On February 27, 2015, Ivy O. Suriyopas, director of AALDEF’s Anti-Trafficking
Initiative testified at a New York City Council oversight hearing on labor
trafficking of domestic workers and resources available for victims in New York
City. Her testimony appears below and can also be downloaded here.
Oversight: Labor Trafficking in the Domestic Worker Industry–
Resources for Victims in New York City
New York City Council
Testimony of Ivy O. Suriyopas, Director of the Anti-Trafficking Initiative
at the Asian American Legal Defense and Education Fund
12:30 pm, Feb. 27, 2015
Good afternoon, Members of the New York City Council.
My name is Ivy Suriyopas, and I am the director of the Anti-Trafficking
Initiative at the Asian American Legal Defense and Education Fund. AALDEF is a
national organization that protects and promotes the civil rights of Asian
Americans. By combining litigation, advocacy, education, and organizing, AALDEF
works with Asian American communities across the country to secure human rights
Since 2005, I have represented trafficking victims and survivors, including a
number of domestic workers, in their applications for T Visas and other
immigration relief. I served as a criminal justice advocate as they cooperated
with law enforcement authorities in the investigation and prosecution of these
cases. Additionally, I have represented victims and survivors as they have
sought to obtain economic justice.
Let me paint a picture for you of the types of trafficking cases involving
domestic workers I have encountered:
There is the matter of the domestic worker from the Philippines who paid for a
job and a better life in the United States, only to find herself having to pay
off an alleged debt by working as a domestic worker.
There is the domestic worker from Bangladesh whose passport was taken for
“safe-keeping” and who is locked in the household with her employers’ infant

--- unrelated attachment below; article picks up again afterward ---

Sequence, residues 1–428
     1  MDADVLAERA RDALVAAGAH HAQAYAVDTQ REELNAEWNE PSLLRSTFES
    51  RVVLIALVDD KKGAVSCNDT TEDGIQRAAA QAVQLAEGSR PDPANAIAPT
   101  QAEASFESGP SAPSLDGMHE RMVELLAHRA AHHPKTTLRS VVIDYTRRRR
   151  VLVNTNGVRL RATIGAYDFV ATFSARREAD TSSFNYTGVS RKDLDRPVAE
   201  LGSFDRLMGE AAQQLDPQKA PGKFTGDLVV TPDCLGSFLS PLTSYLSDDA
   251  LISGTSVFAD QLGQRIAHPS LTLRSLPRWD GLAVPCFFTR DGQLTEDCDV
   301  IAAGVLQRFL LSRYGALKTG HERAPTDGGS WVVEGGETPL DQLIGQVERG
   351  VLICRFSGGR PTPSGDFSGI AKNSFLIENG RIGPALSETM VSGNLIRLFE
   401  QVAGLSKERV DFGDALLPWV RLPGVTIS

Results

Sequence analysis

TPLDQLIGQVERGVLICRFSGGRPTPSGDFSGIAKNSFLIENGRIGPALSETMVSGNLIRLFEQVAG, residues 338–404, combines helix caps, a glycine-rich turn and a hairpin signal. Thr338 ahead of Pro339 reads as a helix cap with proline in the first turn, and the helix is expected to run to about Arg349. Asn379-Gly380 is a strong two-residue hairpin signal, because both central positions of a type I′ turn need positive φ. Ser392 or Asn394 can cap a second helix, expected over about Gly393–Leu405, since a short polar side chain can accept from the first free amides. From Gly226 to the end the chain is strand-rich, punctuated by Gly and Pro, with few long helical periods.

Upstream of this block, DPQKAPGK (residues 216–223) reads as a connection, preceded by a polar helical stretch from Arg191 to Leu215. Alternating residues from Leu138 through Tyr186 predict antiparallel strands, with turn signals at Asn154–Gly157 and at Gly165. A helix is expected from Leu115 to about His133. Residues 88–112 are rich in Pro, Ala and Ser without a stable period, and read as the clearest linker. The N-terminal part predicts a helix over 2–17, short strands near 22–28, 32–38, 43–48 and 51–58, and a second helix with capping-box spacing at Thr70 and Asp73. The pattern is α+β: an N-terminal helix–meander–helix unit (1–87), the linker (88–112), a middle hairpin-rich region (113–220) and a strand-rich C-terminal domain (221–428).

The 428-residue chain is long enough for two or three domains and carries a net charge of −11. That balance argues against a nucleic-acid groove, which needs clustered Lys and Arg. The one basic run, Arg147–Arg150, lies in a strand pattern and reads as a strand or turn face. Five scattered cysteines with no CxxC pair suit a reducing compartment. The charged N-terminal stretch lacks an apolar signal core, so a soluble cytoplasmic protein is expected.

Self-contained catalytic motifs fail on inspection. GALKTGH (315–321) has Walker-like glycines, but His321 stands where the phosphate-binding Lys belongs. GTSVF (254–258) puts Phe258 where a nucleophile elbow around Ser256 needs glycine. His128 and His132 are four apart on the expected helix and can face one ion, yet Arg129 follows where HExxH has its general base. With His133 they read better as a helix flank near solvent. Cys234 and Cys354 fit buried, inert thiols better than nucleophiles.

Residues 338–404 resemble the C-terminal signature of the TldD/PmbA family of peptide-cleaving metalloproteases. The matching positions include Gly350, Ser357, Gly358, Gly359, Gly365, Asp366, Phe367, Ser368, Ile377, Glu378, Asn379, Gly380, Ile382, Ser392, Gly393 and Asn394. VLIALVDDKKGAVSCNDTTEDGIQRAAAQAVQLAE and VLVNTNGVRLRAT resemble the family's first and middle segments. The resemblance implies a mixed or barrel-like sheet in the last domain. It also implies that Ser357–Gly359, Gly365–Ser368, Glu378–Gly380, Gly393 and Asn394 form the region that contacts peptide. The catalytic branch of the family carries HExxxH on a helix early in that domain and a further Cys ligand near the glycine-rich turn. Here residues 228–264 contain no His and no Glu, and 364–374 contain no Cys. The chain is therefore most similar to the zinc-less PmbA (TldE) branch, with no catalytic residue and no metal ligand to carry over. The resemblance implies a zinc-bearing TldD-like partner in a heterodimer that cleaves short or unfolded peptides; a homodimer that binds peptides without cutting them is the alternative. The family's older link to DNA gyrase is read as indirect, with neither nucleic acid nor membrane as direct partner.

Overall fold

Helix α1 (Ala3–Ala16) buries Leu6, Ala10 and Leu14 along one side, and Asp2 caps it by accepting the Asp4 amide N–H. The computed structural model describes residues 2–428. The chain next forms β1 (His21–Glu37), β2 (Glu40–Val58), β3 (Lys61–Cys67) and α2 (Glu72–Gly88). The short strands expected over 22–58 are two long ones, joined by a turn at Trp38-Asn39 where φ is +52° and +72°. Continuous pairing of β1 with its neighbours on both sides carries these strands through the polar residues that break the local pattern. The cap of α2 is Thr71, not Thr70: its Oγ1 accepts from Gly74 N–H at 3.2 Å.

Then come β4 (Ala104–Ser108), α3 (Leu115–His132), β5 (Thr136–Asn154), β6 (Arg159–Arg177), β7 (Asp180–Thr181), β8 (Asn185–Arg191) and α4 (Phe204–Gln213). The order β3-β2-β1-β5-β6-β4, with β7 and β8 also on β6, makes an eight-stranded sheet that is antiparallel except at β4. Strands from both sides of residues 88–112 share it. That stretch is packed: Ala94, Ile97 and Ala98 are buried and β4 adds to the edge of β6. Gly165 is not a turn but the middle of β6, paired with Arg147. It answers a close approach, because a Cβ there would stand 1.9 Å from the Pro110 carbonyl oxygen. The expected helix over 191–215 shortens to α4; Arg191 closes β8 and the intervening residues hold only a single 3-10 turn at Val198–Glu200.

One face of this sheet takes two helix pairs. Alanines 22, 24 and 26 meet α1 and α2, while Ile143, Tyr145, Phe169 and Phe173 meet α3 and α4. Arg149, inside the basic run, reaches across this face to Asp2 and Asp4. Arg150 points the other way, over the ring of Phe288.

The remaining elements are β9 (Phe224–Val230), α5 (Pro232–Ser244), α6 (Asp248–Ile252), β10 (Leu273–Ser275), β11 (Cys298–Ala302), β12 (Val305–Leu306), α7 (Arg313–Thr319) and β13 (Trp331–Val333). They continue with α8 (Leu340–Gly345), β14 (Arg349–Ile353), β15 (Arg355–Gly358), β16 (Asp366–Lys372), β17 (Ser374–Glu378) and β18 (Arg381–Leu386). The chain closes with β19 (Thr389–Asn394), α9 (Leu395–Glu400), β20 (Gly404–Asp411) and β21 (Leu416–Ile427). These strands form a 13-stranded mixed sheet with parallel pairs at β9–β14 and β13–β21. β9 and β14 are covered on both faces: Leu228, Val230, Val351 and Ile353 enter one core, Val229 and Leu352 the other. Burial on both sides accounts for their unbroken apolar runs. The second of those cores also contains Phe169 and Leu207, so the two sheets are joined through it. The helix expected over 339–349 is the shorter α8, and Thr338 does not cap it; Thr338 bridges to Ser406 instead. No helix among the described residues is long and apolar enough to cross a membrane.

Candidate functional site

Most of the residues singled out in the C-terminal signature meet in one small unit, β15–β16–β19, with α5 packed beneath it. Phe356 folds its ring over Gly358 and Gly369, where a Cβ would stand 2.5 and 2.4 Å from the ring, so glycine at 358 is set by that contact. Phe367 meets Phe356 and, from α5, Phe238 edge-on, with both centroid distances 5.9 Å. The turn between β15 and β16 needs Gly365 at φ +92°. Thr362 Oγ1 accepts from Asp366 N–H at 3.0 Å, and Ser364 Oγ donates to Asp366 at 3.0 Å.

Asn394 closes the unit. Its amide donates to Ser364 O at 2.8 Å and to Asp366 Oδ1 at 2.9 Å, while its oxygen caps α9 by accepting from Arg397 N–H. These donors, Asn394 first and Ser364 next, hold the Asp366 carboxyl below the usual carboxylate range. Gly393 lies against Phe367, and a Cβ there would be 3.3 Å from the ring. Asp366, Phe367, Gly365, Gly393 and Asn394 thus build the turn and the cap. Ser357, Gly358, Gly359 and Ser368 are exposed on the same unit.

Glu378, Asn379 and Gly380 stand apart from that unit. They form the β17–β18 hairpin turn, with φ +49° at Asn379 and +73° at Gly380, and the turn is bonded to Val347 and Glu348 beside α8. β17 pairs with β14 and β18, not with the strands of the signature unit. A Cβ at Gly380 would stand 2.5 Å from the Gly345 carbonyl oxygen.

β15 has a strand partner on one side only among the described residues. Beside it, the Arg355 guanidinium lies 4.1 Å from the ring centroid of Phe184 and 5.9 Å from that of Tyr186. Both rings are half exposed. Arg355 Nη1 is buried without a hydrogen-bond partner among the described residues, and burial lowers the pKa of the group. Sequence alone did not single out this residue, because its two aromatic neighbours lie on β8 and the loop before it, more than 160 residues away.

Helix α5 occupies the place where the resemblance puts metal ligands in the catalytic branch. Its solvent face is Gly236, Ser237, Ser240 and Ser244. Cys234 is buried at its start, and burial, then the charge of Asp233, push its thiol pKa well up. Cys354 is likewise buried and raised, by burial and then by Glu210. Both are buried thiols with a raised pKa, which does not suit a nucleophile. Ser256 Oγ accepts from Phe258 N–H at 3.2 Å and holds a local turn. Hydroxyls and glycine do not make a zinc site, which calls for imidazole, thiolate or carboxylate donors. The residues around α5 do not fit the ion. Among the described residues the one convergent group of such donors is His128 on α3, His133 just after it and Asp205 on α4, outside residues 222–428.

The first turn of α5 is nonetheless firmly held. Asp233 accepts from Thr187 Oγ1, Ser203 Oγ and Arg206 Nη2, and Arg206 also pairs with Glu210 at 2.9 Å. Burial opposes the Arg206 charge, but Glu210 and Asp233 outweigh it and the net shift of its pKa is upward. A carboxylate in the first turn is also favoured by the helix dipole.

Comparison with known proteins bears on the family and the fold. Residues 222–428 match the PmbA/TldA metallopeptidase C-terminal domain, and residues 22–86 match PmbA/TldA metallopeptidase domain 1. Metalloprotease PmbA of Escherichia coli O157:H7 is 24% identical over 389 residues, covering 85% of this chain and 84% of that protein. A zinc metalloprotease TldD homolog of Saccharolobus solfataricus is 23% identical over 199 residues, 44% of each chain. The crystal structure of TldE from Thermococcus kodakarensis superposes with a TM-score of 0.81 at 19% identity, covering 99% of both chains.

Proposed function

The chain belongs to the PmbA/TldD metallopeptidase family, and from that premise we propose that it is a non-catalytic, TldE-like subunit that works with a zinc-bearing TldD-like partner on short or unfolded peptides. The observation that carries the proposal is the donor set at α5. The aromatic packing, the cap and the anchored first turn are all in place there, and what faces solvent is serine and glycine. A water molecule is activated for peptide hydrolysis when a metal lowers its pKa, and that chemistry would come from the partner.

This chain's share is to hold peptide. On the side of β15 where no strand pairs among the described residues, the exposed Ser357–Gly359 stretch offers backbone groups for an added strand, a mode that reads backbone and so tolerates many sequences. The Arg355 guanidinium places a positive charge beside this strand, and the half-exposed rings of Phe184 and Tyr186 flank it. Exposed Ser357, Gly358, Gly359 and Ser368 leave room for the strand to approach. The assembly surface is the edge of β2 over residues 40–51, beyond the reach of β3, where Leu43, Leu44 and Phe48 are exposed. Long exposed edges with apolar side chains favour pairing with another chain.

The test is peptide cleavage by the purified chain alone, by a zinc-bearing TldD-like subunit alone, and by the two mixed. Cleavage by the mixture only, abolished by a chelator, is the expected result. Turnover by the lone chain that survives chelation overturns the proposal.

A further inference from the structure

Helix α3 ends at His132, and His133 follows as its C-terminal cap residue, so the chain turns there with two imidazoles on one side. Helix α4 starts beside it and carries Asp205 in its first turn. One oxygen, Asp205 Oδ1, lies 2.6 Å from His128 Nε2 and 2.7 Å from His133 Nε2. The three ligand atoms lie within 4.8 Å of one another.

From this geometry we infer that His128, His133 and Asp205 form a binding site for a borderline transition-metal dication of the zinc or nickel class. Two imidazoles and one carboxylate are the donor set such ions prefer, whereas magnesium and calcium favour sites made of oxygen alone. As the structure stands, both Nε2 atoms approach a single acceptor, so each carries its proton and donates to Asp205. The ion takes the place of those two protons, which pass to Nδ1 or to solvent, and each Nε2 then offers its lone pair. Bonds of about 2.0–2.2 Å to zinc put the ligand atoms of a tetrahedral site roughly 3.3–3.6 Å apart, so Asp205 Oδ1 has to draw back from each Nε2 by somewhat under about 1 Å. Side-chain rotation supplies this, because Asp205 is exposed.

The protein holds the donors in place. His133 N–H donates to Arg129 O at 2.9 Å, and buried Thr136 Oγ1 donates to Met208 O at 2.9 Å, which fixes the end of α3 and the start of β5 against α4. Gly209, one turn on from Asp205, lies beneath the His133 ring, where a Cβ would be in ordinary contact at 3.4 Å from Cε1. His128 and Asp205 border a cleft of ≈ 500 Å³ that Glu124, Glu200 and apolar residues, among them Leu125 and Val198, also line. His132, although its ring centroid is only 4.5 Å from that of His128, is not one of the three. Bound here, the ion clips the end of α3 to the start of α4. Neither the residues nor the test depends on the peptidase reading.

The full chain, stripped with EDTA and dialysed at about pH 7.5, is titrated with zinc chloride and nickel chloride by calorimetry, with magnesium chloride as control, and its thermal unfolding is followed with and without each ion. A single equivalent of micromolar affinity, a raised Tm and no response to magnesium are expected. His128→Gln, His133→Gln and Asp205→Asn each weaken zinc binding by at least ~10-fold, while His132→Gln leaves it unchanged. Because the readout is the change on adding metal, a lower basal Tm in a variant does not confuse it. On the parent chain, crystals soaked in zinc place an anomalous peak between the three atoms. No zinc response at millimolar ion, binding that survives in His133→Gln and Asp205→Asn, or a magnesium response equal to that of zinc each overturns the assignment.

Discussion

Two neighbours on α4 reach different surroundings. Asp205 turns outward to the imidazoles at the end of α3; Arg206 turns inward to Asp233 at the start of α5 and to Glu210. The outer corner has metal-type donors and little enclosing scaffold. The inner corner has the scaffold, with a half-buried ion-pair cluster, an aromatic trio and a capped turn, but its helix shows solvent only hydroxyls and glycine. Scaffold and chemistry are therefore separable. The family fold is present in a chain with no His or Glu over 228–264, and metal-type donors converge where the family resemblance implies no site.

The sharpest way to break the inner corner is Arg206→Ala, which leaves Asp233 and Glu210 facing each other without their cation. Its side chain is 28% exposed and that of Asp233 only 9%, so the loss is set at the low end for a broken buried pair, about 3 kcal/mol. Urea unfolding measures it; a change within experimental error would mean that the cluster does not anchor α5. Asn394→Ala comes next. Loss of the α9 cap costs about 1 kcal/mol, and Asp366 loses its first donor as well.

nine hours a day.
There is the case of the Indonesian domestic worker who is forbidden from
leaving the household and gets paid merely $200 a month for 126 hours of work
per week; that translates into roughly to $0.36 per hour.
There is the domestic worker from Bhutan whose employer at the United Nations
wields so much influence and power that she fears leaving the household.
And there is the matter of the domestic worker from India who had escaped her
trafficking situation only to find another job where her employers refused to
pay her overtime and threaten to fire her if she tries to call in sick.
These cases occur far too often and could be prevented if the City takes steps
to appropriately identify trafficking. The lack of understanding of the
complexity of human trafficking, employers’ unawareness of or refusal to fulfill
their obligations to their domestic worker employees, domestic sworkers’ lack of
knowledge of their rights under the law, and barriers to accessing public
benefits and other vital resources hamper the ability of these laborers to
operate in fair and safe working conditions.
As we strive to improve work-life balance, and we rely more heavily on child
care, we need to ensure that the workers who care for our children, clean our
homes, and cook our food are paid fairly and treated appropriately. New York,
home of the United Nations and a number of consulates, should bolster its
efforts to protect personal employees – typically on A-3 and G-5 visas – in
these households. New York City should be at the forefront of protecting
The gross oversight of the government to identify and
combat human trafficking in labor sectors such as domestic work, hospitality,
agriculture, restaurants, manufacturing, and other low-wage industries contrasts
with the human trafficking cases NGOs are encountering on the ground. According
to the International Labour Organization, the vast majority of trafficking
victims (68 percent) are working in labor industries. The vast majority of
actual documented trafficking cases (73 percent) throughout the United States
involve trafficking into labor sectors, such as domestic work. The Urban
Institute’s Labor Trafficking research report documents the prevalence of
trafficking that occurs in domestic work.